Bauman describes the tensions at the heart of the consumer paradise:
"Boredom is one complaint the consumer world has no room for and the consumer culture has set out to eradicate it ... To alleviate boredom one needs money - a great deal of money - if one wishes to stave off the spectre of boredom once and for all, to reach the state of happiness."
But, as Bauman perceptively tells us, happiness is not a state of mind, it is a fleeting experience. But globalisation has taken care of that. Planned obsolescence ensures that just as last month's object of desire fails to bring about a state of happiness, this month's upgrade - with life-changing new features - is there waiting to bought online, or at the new cathedral: your local shopping mall.
The new connoisseurs, says Bauman, attain " their right to universal admiration."
And where is this new society at its most successful? You've guessed it: post-Thatcher Britain.
" ... the country widely acclaimed as the most astonishing `economic success' of the western world, has been found also to be the site of poverty most abject among the affluent countries of the globe. ... Nearly a quarter of old people in Britain live in poverty, which is five times more than `economically troubled' Italy and three times more than in `falling behind' Ireland. A fifth of British children live poverty - twice as many as in Taiwan or Italy and six times as many as Finland. ... The wealthiest fifth are among the richest in Europe ... And so the `subjective sense of insufficiency' (of the dispossessed) ... is aggravated by a double pressure of decreasing living standards ... reinforced rather than mitigated by economic growth in it present, deregulated, laissez-faire form."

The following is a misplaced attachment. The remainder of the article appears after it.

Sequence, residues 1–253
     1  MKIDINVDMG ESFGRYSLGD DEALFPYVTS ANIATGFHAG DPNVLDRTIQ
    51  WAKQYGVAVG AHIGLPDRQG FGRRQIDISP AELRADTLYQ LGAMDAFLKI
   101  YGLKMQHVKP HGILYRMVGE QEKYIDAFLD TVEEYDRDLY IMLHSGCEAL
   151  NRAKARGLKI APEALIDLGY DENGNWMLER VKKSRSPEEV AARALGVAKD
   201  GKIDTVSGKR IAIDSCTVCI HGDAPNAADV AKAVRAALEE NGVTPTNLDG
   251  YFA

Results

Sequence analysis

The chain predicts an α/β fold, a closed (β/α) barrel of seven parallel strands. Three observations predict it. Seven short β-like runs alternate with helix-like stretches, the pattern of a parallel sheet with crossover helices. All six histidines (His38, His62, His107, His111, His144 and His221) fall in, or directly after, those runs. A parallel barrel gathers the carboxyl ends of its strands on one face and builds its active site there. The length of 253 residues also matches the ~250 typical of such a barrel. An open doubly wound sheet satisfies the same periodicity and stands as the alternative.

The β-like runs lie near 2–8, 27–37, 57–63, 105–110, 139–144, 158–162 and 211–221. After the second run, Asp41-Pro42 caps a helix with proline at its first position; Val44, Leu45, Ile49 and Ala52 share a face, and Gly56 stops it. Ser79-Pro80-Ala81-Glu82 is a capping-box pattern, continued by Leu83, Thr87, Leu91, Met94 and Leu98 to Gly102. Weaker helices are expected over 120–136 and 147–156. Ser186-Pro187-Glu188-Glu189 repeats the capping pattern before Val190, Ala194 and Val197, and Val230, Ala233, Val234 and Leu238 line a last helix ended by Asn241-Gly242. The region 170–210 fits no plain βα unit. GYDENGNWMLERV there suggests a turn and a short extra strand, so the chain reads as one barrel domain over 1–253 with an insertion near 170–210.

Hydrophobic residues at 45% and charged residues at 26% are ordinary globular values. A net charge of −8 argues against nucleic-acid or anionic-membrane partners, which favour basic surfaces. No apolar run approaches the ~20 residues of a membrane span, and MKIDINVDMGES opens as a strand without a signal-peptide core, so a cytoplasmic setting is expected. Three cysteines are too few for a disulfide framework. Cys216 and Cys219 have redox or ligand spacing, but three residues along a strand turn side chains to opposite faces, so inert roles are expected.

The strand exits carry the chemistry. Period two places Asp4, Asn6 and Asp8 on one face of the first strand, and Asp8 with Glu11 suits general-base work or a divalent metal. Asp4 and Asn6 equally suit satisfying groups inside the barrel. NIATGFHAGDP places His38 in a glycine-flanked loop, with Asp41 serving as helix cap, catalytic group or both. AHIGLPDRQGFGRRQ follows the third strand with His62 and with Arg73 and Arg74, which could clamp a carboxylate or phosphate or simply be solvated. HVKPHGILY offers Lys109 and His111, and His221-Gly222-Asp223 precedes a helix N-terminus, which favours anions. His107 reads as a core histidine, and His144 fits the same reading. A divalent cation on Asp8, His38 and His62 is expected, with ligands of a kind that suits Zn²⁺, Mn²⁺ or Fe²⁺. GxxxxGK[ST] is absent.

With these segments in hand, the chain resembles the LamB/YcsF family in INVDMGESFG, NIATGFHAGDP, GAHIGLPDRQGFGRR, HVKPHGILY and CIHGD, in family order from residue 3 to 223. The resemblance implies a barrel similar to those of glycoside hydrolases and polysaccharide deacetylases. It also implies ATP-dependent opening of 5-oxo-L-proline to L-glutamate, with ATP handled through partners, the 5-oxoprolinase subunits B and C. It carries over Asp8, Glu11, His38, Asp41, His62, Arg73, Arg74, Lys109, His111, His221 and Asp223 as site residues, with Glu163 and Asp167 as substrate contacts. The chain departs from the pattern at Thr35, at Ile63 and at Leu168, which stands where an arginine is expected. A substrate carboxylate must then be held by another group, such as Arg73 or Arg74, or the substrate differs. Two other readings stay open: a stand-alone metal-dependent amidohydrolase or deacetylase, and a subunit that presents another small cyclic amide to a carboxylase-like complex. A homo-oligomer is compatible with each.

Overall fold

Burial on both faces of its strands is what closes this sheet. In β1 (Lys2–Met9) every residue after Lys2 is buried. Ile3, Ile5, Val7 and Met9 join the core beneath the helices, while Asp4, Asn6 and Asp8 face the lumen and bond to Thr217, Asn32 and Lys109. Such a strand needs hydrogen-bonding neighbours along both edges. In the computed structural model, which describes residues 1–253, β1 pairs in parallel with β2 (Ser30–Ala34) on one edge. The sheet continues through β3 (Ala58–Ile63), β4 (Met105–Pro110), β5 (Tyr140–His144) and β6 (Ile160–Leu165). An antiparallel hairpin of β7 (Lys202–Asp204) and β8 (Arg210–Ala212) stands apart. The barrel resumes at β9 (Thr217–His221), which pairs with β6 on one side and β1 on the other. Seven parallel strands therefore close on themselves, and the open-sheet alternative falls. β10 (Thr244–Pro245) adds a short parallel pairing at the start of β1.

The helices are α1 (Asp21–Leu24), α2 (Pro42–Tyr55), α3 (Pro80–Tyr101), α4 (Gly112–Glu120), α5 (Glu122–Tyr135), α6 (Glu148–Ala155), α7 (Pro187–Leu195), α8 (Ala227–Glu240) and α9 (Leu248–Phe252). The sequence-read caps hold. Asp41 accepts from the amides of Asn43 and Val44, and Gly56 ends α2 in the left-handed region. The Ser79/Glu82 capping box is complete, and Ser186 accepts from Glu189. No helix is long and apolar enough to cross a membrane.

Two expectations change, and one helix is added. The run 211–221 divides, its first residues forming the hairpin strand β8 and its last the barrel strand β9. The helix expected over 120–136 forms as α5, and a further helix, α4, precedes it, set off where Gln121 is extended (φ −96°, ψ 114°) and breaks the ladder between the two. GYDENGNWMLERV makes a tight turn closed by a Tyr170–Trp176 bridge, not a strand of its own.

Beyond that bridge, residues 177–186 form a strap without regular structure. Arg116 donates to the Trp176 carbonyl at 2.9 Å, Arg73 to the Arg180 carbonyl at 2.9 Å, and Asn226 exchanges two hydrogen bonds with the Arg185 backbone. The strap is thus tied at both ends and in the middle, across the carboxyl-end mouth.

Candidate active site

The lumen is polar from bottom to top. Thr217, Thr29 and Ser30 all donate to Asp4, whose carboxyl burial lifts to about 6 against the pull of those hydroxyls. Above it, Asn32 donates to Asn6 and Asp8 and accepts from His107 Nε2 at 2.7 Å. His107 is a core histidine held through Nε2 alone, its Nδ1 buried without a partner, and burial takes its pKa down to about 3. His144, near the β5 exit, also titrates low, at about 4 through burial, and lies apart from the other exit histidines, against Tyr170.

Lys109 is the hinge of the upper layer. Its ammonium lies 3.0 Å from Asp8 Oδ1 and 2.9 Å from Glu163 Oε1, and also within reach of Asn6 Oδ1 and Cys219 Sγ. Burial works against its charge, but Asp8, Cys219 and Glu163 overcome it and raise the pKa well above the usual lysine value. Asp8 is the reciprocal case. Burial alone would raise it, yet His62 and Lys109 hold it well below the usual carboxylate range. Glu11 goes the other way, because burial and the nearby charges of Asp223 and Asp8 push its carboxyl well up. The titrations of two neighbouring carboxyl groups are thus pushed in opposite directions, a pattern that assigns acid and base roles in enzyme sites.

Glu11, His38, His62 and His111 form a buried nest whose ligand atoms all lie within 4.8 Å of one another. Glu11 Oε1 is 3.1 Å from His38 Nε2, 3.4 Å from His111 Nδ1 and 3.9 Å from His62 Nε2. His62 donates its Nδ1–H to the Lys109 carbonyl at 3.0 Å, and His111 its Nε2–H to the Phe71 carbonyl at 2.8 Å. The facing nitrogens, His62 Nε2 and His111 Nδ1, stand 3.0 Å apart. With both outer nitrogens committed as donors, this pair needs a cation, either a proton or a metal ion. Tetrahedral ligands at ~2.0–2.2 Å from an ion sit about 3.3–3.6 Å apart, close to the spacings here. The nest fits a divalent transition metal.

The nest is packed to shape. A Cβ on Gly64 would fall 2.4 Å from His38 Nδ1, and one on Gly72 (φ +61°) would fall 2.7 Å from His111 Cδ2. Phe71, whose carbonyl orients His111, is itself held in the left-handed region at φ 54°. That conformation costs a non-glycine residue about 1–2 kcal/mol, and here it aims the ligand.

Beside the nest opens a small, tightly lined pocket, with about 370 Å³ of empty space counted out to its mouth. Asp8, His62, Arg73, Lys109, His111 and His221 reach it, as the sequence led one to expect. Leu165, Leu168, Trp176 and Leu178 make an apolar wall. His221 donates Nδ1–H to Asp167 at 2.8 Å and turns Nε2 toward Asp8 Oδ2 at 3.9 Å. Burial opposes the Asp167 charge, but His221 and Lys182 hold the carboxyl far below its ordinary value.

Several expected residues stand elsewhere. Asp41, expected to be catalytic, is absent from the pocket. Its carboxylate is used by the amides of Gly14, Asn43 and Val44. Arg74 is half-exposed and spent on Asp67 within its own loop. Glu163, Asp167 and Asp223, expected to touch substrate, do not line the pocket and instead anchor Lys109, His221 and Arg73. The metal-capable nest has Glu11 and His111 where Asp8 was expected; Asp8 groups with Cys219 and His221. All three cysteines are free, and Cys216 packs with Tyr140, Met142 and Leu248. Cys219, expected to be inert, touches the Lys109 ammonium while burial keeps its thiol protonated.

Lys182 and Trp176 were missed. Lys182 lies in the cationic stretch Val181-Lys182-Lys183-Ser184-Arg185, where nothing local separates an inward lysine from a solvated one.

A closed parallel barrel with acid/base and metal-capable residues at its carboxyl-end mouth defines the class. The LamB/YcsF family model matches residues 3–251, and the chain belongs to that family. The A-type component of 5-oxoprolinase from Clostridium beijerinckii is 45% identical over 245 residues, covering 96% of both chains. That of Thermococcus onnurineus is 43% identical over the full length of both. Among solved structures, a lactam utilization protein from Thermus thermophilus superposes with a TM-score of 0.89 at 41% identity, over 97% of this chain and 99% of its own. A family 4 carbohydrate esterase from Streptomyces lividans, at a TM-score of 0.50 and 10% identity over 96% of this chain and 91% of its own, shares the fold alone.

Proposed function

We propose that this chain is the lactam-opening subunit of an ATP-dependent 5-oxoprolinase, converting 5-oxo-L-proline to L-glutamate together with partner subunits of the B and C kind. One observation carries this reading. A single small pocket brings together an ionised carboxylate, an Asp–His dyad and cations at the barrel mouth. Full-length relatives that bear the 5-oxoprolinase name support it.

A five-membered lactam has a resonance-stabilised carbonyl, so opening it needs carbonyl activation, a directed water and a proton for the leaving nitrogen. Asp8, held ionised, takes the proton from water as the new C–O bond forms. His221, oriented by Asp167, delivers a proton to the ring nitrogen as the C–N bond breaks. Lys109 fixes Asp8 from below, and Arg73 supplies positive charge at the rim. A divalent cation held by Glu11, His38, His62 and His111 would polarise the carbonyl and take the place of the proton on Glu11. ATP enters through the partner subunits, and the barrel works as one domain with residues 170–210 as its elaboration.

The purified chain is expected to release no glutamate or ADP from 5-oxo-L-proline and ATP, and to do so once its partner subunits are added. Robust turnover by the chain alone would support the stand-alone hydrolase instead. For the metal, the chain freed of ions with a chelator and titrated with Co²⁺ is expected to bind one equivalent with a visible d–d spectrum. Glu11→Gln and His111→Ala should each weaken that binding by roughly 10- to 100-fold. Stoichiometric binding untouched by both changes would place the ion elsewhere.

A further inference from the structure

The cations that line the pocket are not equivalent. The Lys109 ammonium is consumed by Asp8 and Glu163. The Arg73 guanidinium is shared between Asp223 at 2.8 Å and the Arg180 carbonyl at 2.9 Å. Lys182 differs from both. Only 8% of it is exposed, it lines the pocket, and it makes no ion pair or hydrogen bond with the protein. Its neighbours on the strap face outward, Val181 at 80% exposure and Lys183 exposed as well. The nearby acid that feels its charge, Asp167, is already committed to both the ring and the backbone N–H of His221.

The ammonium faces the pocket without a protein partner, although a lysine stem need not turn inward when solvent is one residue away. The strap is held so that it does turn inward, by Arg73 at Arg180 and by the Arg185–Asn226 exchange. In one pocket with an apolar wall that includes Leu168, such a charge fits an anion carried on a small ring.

The problem, now, as Bauman makes clear, is that this society no longer needs a "reserve army of labour" - that has been exported - now, when there is a "downturn" in the economy, politicians call for a `consumer-led' recovery.
In this, the poor can play no part.
"And so, for the first time in recorded history the poor are now purely and simply a worry and a nuisance. ... In a world populated by consumers there is no room for a welfare state ... what used to be a sensible investment now looks like ... an unjustifiable waste of taxpayers' money."
So we reach the point where, as the author rightly points out, " poverty is, first and foremost, perhaps solely, the question of law and order."
We are (in the UK), as he implies, only a few steps away from the Germany of the 1930s. It is a sobering realisation.
The hedonist party effectively stops us from asking more fundamental questions, such as: why does society no longer put itself in question at all? If, as the author suggests, our arrangements are arbitrary, why can we no longer even consider changing them?
History shows that winners release their grip on power only with the greatest reluctance. As would be the case with a solution he offers for consideration: Claus Offe's idea of decoupling income from work.
In what sounds something like Milton Friedman's Negative Income Tax, the idea's main problem is that it would come up against huge opposition from those funding it: the people who might have to cut down on their consumption.
As Margaret Thatcher put it: "There's no such thing as society".